Being articulate is a crucial skill in Putrajaya, especially for those who head ministries, government departments and agencies. File pic.

BABY babble may sound cute. We laugh in delight whenever a baby starts to coo and make unintelligible sounds.

But, if left unattended, the baby may have a rough road ahead learning to speak clearly when he gets older, and adults around him may have a tough time trying to decipher his strings of alien sounding words.

As new parents, we have been told by our elders to use proper and clear language when talking to babies instead of baby babble no matter how cute it sounds. The need to master the ability to speak clearly does not only apply to babies, but adults, too.

Most adults do not have speech impairment unless they have some form of oral defect or issues with their voice box.

Being articulate is a crucial skill in Putrajaya, especially for those who head ministries, government departments and agencies.

This writer has covered enough events at the administrative capital in the past five years to witness all sorts of people with articulation issues.

There are those with such a soft voice that even if you place a voice recorder near to the person’s mouth, it can barely capture what he is saying.

When this happens, the frustration on the journalists’ faces is obvious as we know it will be tough to write the article later, with our bosses breathing down our necks, rushing us to meet the deadline.

Besides the soft spoken people, journalists also have to deal with those who have problems putting their thoughts and views into words or sentences for the laymen to understand.

Such speakers also tend to be long-winded, trying to impress listeners with their speeches that are longer than 30 minutes and peppered with jargon.

Dealing with such characters is enough to make reporters reach for painkillers to numb the headache as we write the article.

Things go from bad to worse when journalists have to deal with people who enjoy using words and terms that do not exist in the dictionary, in sentences that are confusing, jumping from one subject to another all in one breath.

Once we have picked up our jaws from the floor, we cringe at the task of having to file in an article that our bosses and readers can comprehend when we have trouble understanding it.

For us in the English media, we often have to translate speeches from Bahasa Malaysia to English since Bahasa Malaysia, as the country’s official language, is widely used here in Putrajaya.

On rare occasions, we are spared from translating when speeches are in English, but another thing rears its ugly head — the atrocious pronunciation.

My brain has to do an acrobatic act just to figure out what the person is trying to say because their diction can sometimes be monotonous, sounding similar to the tone when one delivers a speech in Bahasa Malaysia.

I do not expect the speakers to sound British or American, but they should correctly pronounce English words.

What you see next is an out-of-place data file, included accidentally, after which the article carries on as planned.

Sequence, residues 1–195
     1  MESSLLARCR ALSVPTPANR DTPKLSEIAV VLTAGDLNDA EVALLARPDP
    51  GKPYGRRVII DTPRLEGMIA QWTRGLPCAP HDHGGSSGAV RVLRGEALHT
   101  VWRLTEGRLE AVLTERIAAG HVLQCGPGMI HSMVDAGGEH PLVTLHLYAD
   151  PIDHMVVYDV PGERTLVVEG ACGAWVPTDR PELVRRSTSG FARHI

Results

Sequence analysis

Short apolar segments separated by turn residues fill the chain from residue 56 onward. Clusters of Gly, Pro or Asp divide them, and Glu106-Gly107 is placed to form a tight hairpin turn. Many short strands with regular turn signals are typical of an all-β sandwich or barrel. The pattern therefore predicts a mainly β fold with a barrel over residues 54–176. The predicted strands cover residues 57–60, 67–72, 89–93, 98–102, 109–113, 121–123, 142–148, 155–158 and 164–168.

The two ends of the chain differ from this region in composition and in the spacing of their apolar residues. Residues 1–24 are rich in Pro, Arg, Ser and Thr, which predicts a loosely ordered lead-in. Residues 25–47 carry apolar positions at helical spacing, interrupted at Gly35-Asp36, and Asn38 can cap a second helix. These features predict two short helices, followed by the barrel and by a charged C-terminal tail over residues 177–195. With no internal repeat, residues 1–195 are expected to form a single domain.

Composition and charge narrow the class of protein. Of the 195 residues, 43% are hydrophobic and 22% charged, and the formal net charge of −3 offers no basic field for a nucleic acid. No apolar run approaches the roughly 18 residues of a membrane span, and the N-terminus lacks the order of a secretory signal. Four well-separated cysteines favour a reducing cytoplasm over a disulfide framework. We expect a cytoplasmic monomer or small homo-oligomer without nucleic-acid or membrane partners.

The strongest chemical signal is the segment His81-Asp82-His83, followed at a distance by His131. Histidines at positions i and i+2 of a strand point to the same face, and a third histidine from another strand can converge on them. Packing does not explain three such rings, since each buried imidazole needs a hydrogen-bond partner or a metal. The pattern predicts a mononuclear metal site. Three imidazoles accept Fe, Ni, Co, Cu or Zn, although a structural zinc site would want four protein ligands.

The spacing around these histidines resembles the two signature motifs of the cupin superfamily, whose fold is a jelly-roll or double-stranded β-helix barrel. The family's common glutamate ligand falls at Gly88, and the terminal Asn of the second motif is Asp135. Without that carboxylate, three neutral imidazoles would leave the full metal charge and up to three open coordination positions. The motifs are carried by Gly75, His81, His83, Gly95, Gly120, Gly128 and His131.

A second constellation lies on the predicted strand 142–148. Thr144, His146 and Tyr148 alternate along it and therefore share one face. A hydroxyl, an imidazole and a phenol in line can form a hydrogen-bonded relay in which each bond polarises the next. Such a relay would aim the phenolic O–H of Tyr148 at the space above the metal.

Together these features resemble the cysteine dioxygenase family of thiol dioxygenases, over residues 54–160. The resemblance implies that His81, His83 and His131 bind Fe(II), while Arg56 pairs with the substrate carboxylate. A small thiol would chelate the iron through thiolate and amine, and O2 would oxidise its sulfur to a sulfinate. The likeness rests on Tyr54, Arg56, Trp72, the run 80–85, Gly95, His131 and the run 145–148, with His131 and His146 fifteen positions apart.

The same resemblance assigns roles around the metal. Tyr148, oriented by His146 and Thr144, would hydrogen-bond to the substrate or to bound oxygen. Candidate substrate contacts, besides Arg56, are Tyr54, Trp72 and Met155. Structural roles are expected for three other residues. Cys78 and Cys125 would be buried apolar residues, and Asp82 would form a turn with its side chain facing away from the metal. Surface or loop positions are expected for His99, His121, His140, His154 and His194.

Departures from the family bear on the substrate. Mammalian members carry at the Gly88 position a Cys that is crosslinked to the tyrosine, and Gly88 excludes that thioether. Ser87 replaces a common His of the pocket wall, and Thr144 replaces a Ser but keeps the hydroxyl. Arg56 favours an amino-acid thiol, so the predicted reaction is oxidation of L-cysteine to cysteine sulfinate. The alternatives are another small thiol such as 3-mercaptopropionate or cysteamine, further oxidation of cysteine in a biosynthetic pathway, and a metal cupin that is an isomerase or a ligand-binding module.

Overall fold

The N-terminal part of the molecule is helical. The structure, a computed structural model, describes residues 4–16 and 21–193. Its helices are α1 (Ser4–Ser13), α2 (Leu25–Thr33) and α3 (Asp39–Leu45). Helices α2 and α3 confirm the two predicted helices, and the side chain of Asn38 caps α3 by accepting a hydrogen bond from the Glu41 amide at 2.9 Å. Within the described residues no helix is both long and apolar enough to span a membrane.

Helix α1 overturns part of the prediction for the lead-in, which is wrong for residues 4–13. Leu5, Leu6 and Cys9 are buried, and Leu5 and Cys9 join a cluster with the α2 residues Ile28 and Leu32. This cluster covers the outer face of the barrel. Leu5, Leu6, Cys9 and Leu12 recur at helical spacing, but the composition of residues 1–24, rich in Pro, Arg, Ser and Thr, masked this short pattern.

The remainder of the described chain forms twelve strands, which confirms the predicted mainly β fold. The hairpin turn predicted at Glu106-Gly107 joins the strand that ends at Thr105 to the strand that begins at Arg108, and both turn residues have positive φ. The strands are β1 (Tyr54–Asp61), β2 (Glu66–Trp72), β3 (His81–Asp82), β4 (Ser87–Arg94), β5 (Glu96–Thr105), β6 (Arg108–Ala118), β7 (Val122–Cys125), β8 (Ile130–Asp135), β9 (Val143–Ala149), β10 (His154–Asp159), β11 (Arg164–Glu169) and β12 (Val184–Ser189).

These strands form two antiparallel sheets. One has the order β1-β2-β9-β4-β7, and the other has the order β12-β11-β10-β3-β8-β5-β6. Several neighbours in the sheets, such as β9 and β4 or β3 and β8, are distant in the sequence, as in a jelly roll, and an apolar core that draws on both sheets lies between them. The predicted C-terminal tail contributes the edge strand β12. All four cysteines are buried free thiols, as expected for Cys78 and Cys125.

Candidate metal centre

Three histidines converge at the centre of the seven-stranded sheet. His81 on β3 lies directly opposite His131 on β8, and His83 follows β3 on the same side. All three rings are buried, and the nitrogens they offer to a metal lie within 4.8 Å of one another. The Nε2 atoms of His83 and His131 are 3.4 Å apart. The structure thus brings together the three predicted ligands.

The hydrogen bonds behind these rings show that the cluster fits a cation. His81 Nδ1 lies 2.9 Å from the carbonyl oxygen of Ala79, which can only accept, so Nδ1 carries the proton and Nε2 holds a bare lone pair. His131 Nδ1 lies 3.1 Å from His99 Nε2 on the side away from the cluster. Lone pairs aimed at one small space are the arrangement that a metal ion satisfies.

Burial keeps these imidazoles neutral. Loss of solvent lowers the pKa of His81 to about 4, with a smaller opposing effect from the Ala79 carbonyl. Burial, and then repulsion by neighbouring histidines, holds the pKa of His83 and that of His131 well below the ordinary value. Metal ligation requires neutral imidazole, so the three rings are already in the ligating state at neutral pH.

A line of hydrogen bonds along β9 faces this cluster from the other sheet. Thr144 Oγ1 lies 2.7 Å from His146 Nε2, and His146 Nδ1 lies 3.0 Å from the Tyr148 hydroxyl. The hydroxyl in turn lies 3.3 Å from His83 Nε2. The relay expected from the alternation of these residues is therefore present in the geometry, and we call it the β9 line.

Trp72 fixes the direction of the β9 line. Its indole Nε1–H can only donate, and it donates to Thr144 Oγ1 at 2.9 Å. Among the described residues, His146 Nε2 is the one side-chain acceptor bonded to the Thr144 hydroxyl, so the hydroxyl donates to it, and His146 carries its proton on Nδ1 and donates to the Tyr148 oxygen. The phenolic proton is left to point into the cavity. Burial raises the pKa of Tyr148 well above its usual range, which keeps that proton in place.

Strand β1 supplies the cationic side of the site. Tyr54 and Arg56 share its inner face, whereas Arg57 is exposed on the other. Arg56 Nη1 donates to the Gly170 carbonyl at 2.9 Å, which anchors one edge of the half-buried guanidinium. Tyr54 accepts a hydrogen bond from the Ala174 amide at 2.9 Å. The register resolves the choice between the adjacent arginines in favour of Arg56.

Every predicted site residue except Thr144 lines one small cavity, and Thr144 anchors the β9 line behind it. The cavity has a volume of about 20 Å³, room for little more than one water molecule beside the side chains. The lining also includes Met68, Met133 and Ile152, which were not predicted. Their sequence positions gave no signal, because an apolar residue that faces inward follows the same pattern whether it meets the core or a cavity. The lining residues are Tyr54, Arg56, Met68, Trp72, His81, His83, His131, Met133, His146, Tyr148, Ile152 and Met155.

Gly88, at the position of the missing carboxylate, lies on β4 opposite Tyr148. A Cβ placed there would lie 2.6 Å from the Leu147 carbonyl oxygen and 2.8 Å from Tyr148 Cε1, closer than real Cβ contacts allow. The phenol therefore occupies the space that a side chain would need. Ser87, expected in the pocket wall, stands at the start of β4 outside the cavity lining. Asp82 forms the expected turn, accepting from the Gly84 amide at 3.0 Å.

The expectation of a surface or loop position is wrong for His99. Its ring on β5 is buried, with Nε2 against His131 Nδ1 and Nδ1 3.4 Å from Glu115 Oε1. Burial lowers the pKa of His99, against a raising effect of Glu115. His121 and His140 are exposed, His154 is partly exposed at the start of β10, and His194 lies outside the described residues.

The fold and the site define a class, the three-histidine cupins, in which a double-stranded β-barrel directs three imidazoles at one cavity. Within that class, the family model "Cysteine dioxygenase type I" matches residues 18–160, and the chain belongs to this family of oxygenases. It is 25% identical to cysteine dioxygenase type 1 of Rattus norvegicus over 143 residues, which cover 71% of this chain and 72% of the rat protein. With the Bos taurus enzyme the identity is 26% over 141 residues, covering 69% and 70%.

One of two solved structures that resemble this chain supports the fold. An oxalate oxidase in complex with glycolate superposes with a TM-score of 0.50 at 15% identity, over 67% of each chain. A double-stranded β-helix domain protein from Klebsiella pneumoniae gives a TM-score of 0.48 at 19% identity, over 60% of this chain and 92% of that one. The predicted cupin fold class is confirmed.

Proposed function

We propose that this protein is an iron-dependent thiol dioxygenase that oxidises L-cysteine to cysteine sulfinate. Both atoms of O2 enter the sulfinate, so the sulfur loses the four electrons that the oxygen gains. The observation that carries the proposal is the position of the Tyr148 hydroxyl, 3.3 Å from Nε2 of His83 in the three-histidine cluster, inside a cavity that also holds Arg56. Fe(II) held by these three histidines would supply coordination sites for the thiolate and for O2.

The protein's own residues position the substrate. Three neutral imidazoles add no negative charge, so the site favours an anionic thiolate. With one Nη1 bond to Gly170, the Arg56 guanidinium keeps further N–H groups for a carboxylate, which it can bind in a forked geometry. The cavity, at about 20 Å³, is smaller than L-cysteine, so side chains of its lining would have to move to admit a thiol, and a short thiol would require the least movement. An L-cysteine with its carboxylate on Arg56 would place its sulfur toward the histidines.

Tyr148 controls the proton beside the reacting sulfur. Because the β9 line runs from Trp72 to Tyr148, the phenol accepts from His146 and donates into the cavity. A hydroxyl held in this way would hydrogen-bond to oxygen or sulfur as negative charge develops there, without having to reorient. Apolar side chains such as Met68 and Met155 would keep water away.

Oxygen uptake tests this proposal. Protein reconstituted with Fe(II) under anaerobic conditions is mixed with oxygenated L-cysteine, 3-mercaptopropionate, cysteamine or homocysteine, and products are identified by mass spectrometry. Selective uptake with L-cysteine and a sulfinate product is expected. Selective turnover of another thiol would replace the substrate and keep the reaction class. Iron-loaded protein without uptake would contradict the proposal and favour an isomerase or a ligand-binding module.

A word, if pronounced wrongly, can mean another thing. For example, the word “bow” (bau) refers to the action of bending downward or to incline, while “bow” (bo) refers to a knot with two loops and two loose ends.

Pronunciation is so important that when I pursued my degree, I had to take a class on speaking skills. We had fun learning about it.

I was intrigued by what comedian Harith Iskander shared during a National Transformation 2050 dialogue session with the prime minister and those in the entertainment industry on Wednesday night.

Harith called on his fellow compatriots not to be afraid of the English and Chinese languages if they want their career to go beyond Malaysian shores.

“If you want to move forward, don’t be afraid of the English and Chinese languages,” he told more than 300 movers and shakers of the entertainment industry.

The same call should be made to those in Putrajaya.

Mastering English or Chinese will not make you any less Malaysian, but will instead give you a competitive edge.

It is a matter of making the move to improve oneself, including hiring a speech coach, and this should be encouraged among civil servants, especially top ranking government officers who are public figures.

British writer Anthony Hope once said unless one is a genius, it is best to aim at being intelligible. Hope has my full support on this.

This is something perhaps the prime minister can consider, especially when Malaysia is in high gear to become one of the top 20 nations by 2050.

While waiting for Putrajaya folk to improve their articulation, I will stock up on painkillers.

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With more than 15 years in journalism and a masters in Counselling Psychology, Azura Abas is always drawn to the mystery of the human mind and behaviours.

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